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Approaching water sensitve cities with adaptive rainwater diversion
conference contributionposted on 06.12.2017, 00:00 by Benjamin Taylor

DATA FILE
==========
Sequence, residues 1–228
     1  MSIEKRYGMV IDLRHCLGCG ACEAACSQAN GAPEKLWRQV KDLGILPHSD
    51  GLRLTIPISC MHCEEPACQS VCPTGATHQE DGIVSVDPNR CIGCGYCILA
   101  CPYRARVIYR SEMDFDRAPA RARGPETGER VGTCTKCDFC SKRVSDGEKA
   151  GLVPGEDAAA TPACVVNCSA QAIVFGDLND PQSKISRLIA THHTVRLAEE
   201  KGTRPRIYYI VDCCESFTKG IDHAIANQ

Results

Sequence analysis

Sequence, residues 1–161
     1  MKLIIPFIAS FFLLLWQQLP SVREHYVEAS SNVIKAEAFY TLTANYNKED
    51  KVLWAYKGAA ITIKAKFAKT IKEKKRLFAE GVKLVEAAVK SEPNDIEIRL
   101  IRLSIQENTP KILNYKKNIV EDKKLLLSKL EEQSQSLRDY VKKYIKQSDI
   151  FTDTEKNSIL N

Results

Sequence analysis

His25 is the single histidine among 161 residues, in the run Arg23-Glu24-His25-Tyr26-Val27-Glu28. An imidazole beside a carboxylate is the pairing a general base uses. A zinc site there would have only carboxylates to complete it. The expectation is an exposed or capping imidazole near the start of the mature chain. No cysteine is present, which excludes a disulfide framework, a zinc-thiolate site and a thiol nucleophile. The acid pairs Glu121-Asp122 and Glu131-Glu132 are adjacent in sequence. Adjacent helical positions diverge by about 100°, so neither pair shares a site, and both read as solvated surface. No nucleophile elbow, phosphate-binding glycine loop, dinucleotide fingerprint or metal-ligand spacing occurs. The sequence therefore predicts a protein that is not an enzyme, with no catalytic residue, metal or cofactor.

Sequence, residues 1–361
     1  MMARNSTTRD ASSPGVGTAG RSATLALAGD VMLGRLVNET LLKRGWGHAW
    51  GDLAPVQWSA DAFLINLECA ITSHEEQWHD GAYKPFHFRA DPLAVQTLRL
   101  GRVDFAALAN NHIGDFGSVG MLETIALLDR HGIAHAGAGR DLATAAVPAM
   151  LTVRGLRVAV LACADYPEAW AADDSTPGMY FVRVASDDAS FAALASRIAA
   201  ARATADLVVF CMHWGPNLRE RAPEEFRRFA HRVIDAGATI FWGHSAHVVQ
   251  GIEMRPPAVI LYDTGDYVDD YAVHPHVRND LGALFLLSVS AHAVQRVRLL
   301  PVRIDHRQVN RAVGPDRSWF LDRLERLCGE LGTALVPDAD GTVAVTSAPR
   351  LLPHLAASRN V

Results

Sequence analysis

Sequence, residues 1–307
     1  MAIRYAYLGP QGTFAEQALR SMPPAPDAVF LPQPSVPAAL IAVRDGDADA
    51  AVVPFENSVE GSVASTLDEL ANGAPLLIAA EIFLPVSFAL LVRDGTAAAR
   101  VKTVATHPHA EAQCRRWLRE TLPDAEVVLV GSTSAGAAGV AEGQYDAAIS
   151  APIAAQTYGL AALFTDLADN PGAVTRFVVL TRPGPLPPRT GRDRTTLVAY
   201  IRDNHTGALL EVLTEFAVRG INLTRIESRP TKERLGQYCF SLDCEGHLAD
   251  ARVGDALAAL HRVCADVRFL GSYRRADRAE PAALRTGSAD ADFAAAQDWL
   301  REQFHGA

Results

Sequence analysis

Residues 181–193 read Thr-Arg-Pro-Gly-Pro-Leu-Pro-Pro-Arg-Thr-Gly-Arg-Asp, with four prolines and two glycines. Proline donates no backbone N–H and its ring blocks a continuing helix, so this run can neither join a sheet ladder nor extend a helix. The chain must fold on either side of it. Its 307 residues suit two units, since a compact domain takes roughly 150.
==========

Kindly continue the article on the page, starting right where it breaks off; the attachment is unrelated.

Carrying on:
Total water cycle management (TWCM) discussion mostly limits the role of residential rainwater harvesting to providing an alternate water supply to a fraction of fit-for-purpose end uses. However, with operational improvements, greater outcomes can be achieved. By increasing the portion of roof area connected and developing adaptive rainwater diversion (ARD), reliable stormwater management outcomes can also be achieved. ARD controls tank drawdown by adapting to changesin dwelling consumption and rainfall, thus allowing the available storage to mimic the pre-urbanised catchment storage recovery. The ARD approach has the basis that mains water savings can be achieved in two ways: 1) Rainwater supply - where the rainwater harvest is used directly to reduce mains consumption of that dwelling; and 2) Rainwater diversion - where rainwater is diverted from the dwelling. This does not directly reduce mains consumption of the dwelling but produces a waterresource that is used by others to reduce mains consumption. In this way, total rainwater yield and mains water savings is the sum of rainwater supply and diversion. This research investigates rainwater supply, rainwater diversion, runoff volume and runoff flow frequency for South East Queensland. Results show, the average sized detached dwelling when fitted with a 5 kL tank and ARD system is compliant with the mandated water saving targets and the Queensland Best PracticesEnvironmental Management Guidelines for stormwater flow frequency management.